Is there a great professional achievement or high-profile accomplishment that you would like to tell us about?
I joined MASS Design Group’s Kigali office in September 2016 as a Structural Engineer through Engineers Without Borders. Since then, the engineering team has grown dramatically to a multi-disciplinary team of 23 people delivering impactful projects. Recognised for my role in developing our team, I was awarded overall winner of the 2019 Royal Academy of Engineering (RAEng) Engineers Trust Young Engineer of the Year, receiving the Sir George Macfarlane Medal. This was following a nomination by my wonderful colleagues - being recognised in this way was a huge personal achievement for me.

What contributed to your decision to become professionally registered?
My previous employer, Atkins, believed in the importance of maintaining industry standards. It was essential to be registered in order to progress, and the company offered a lot of support in preparing for this. I also wanted to make sure I had evidence of my own competence and that I could take full responsibility for my own work.

In what ways has registration benefitted your career?
Not only did I learn a lot during the process of preparation for registration, but it was extremely beneficial to be a Chartered Member of the Institution of Civil Engineers (ICE) before moving to Rwanda. This meant I was immediately able to register with the Institute of Engineers Rwanda (IER) here, which has allowed me to operate as a professional engineer in this market.

How does your employer benefit from your professional registration?
MASS Design Group benefits from my professional registration as I can take full responsibility for both the structural designs of our buildings, and the completion of construction supervision. I have also used what I learned in the ICE professional registration process to establish an internal professional development system. My aim is to ensure that the engineering team has well-rounded early career development including technical specialisation, design management, and soft skills to advocate for better building practices.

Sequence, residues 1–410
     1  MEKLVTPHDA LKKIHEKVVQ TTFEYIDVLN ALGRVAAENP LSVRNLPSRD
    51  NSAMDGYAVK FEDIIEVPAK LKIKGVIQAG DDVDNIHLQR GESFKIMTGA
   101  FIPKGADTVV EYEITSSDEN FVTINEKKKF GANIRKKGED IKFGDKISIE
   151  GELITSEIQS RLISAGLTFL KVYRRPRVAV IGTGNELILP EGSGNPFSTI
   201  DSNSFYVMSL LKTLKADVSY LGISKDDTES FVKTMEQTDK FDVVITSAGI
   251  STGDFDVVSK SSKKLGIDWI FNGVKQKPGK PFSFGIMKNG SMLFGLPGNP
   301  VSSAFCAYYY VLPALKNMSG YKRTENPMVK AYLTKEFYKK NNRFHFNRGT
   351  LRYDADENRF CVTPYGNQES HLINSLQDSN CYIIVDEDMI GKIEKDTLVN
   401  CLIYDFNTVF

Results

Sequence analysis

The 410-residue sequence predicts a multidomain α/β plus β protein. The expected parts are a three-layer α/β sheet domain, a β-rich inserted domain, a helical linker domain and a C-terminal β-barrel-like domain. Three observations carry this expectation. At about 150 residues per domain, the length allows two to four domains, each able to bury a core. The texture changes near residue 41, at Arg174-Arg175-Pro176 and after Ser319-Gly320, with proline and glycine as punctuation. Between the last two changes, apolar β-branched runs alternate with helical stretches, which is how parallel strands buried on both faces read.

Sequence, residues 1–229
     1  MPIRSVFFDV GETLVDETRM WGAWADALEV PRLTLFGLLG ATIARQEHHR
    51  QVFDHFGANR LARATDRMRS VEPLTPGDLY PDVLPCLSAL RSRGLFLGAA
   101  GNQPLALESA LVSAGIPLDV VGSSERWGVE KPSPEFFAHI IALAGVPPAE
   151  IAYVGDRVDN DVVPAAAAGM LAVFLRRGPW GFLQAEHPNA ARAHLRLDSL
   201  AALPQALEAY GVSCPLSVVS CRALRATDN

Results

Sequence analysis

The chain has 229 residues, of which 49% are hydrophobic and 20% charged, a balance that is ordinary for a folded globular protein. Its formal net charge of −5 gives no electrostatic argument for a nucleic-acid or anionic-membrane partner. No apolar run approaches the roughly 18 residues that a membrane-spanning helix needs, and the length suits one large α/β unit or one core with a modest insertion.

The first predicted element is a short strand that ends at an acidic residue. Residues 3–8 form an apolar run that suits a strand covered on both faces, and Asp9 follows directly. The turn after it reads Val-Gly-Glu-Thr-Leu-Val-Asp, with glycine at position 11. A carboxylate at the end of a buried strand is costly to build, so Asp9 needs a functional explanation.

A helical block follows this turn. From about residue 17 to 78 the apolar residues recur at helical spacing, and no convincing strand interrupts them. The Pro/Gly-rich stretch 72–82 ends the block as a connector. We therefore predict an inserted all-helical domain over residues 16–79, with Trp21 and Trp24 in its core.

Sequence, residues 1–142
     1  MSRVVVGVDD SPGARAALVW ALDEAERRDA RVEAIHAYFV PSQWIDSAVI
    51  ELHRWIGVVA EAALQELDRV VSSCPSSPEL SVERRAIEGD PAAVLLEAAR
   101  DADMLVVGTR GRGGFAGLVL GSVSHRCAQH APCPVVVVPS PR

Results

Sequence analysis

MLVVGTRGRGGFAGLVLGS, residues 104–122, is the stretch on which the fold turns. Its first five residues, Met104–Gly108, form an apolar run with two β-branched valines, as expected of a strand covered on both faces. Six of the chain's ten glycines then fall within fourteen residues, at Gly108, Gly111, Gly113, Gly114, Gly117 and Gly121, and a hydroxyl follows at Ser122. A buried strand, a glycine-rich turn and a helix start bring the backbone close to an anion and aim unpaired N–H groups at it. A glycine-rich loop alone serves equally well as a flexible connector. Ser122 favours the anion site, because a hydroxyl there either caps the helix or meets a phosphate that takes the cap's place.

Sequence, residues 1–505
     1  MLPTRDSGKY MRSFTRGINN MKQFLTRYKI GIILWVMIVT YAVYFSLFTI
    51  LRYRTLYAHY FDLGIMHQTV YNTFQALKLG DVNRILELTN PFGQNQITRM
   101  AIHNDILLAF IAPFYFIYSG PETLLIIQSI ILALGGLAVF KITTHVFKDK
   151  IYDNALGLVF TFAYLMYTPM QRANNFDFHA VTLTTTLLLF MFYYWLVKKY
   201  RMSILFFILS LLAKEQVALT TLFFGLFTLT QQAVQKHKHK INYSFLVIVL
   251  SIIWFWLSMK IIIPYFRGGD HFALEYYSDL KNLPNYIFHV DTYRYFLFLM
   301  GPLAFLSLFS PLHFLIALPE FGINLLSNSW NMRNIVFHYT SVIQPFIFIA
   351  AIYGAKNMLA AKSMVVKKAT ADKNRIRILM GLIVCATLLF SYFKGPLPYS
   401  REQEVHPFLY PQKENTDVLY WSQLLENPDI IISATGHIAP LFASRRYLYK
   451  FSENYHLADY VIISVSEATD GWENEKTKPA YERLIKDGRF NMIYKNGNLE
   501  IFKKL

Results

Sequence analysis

Is there any advice you would pass on to someone considering professional registration?
Preparation for registration is an excellent way to equip yourself with the technical and commercial skills required as a professional engineer. My advice would be to do it as soon as possible in your career because life only gets busier. Be proactive in identifying gaps in your experience in order to seek opportunities to fill them.

Where do you see yourself in your career in five years’ time or what are your future ambitions?
My two focus areas are on adequate seismic design and embodied carbon. Structural engineering plays such an important role in life safety so I intend to continue to advocate for designing and constructing buildings that will keep occupants safe in an earthquake. I also hope to focus on local materials and efficient low carbon design in response to the climate crisis.

Outside work, is there any activity you enjoy doing in your spare time that relates to engineering? For example, do you participate in mentoring, volunteering or membership of other engineering groups?
I sit on the Institution of Structural Engineers (IStructE) Humanitarian Panel. I like to travel and explore, and I can’t help myself from checking out interesting structures as I go.